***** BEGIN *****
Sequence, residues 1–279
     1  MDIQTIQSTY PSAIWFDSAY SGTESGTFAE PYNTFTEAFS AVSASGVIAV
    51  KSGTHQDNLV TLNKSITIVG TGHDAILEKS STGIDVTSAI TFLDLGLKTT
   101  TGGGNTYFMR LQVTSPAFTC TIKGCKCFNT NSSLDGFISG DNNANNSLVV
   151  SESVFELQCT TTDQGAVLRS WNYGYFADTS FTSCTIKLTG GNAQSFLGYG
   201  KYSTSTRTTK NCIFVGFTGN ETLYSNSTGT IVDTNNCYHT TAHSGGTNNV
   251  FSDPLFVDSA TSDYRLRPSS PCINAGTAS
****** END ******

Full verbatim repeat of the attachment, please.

Sequence, residues 1–279
     1  MDIQTIQSTY PSAIWFDSAY SGTESGTFAE PYNTFTEAFS AVSASGVIAV
    51  KSGTHQDNLV TLNKSITIVG TGHDAILEKS STGIDVTSAI TFLDLGLKTT
   101  TGGGNTYFMR LQVTSPAFTC TIKGCKCFNT NSSLDGFISG DNNANNSLVV
   151  SESVFELQCT TTDQGAVLRS WNYGYFADTS FTSCTIKLTG GNAQSFLGYG
   201  KYSTSTRTTK NCIFVGFTGN ETLYSNSTGT IVDTNNCYHT TAHSGGTNNV
   251  FSDPLFVDSA TSDYRLRPSS PCINAGTAS